I was reading a book around mid-afternoon, a daily ritual I perform before my afternoon siesta, when my seven-year-old grandson came and announced, “Nafisa Auntie’s call for you Amma”. Oh no, I groaned inwardly! Always at draggers drawn with her daughter-in-law, my friend often calls with her (new) list of complaints. And I am forced to listen to her rants, although I am least interested, plus I do not have such a bad opinion of the poor girl! But I do not have the courage to give my views to my old friend, as I do not want to annoy her.
The book was getting interesting and I was in no mood to be disturbed, so I told the little one to tell Nafisa that Dadi is sleeping. “But you are not sleeping Amma!” Looking a bit confused, he reminded me innocently, “You always tell me that I should never tell a lie”. “Run away and do as you are told. I don’t need your sermon,” I scolded him. He left the room, but not before giving me a reproachful look. I returned to my book without having the slightest idea that I had given my little grandson his first lesson in hypocrisy.
How many of us go through similar experiences in our day-to-day life? Majority of us are hypocrites as we love to preach what we ourselves seldom practice, conveniently molding our rules and principles to suit our moods and whims (and sometimes convenience).
A hypocrite can be defined as a person who pretends to have virtues, principles or moral believes which he does not actually possess. He is also a person who feigns desirable attitude when in company, although this behaviour does not conform with his true personality. According to Bertrand Russell, “We have two kinds of morality side by side; one which we preach but do not practice and another which we practice but seldom preach.”
So, what is the real cause of hypocrisy? For me, the most important reason is the fear of disapproval of the people with whom I interact in my day-to-day life. I am scared that my true feelings may annoy or hurt them, or have a lower opinion of me than what I would like them to have! So, I take refuge under the cloak of hypocrisy. Also, as I am so obsessed with myself, I usually do not think that something is wrong if a nice person like me is doing it. At times, I lie so sincerely, I cease to perceive my deception, forgetting that I am not deceiving people but only myself. Although, according to Socrates, “The greatest way to live with honour in this world is to be what we pretend to be”.
Let me explain. I go to the wedding of an acquaintance’s daughter and after greeting and congratulating my hostess I exclaim, “Wow! Salma, you look so beautiful in this maroon dress. One would never guess you are the bride’s mother”. Salma blushes as she guides me to a seat and moves away. “What a terrible colour to wear, looks so loud for her age!” I whisper to a common friend sitting next to me. “But you were complimenting her for her dress just a moment ago.” She looks surprised. “Do you know she is the principal of my grand- daughter’s school? I can’t take the risk of annoying her,” I reply with a smug smile.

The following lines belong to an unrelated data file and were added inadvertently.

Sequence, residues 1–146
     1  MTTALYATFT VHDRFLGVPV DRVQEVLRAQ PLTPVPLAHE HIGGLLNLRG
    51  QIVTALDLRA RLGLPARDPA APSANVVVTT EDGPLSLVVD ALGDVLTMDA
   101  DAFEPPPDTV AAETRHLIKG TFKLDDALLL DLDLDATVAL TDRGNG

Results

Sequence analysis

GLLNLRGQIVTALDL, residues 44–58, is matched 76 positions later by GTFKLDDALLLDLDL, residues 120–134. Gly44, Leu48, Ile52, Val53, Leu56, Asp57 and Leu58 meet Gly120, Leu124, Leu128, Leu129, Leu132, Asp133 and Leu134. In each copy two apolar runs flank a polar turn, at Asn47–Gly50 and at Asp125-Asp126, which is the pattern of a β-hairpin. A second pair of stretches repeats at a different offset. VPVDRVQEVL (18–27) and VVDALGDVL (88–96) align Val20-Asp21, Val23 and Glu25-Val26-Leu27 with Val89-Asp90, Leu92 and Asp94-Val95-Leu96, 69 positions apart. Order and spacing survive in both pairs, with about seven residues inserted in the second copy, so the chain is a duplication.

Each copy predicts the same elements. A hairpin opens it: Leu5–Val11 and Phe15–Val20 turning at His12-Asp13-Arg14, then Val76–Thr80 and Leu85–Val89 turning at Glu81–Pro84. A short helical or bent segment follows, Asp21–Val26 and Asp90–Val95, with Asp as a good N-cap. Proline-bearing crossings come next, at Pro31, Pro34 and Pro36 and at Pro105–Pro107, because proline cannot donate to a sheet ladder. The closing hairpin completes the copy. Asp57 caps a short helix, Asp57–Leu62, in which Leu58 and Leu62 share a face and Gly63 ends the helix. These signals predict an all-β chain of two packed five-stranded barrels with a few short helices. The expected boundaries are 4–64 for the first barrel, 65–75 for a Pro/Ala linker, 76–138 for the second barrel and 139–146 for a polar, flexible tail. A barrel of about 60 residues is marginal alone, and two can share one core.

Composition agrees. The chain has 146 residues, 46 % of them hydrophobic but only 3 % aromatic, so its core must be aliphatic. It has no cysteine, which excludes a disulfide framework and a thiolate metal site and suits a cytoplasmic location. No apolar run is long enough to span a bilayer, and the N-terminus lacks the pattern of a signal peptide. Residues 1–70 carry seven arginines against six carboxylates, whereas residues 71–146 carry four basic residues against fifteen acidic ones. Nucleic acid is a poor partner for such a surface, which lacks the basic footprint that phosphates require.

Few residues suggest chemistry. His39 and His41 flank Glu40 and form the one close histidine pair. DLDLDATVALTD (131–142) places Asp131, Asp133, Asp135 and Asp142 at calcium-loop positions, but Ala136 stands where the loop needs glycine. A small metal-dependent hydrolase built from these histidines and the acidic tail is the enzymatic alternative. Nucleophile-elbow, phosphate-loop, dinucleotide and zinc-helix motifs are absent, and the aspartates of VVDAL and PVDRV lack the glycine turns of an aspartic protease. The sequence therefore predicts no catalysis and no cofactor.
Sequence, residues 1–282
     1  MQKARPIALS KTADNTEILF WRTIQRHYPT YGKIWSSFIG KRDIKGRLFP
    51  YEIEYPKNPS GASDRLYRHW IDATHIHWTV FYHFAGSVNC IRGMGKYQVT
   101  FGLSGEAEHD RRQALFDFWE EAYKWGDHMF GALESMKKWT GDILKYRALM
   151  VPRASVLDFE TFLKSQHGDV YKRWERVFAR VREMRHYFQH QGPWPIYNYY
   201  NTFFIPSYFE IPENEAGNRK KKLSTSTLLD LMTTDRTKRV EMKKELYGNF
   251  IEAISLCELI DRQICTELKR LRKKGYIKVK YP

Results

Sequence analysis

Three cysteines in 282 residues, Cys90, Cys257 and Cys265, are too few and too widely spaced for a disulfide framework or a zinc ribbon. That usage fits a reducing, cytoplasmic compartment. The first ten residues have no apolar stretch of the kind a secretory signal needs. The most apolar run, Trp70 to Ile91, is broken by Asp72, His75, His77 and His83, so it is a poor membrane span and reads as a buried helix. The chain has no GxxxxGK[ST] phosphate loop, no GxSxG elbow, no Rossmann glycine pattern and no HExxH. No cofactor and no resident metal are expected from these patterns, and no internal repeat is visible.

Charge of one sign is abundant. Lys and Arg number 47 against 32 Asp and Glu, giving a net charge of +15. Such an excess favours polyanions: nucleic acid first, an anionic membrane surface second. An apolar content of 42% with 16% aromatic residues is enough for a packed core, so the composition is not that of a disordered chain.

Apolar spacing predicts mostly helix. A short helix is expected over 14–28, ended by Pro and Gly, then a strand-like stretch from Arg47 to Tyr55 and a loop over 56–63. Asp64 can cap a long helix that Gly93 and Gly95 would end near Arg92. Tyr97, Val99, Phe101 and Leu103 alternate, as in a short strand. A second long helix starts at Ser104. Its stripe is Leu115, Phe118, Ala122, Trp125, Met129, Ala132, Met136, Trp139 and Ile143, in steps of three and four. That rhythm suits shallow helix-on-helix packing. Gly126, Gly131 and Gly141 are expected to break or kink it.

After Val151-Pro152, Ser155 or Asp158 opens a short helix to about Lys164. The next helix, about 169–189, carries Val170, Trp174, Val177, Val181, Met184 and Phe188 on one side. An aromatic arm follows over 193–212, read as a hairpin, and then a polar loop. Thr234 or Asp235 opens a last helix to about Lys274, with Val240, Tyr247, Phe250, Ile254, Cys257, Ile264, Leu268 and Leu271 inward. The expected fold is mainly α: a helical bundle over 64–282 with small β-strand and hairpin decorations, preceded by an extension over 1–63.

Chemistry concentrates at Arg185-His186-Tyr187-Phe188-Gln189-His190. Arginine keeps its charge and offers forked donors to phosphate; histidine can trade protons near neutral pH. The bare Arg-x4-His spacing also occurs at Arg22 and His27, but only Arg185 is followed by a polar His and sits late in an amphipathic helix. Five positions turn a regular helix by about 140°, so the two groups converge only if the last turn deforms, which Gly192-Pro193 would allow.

Umar Adil, a young businessman, believes, “Hypocrisy has become a second nature to most of us. In today’s world what matters to us the most is what other people think of us. Even our opinion about ourselves is based on those views. I am a real man living in a real world and trying to prove myself. Yes, naturally I am a hypocrite. What I say and preach is rarely based on what I practice and most of the time I do this to create a cool impression. The remedy to this issue is accomplishment. Once you prove yourself a successful person, you find your actions speak better than the hollow sermons you never tire of giving. I know I can get over my hypocrisy (i.e. if I want to do so), but the time is not ripe for it yet!”
Freelance writer and journalist Farahnaz Zahidi Moazzam gives her views, “Hypocrisy, to me, is a form of lying. Unfortunately, we all end up indulging in it as there are contradictions in our personalities, our lifestyles and our beliefs. We often portray ourselves to be something that we are not. I think true liberation comes with being one’s true self under all circumstances. People who don’t accept us the way we are don’t deserve to be in our life.” When asked if she is a hypocrite, she replies with a smile, “This question actually teaches me to be less judgmental. Commenting on others’ actions should be avoided, as at times we may end up doing the same thing in similar circumstances”.
I know many people who can be called hypocrites, but I have never been able to muster enough courage to tell them so, as I myself am a hypocrite. There are times when I really feel ashamed of my hypocrisy and wonder what measures I can take to minimize it. Maybe this can be achieved by trying my best to always do and say what I believe to be right and not changing my values to justify my actions. On other self-righteous moments, I overcome my guilt by reminding myself that I am an honest hypocrite and unlike most people, have the courage to admit my weaknesses.
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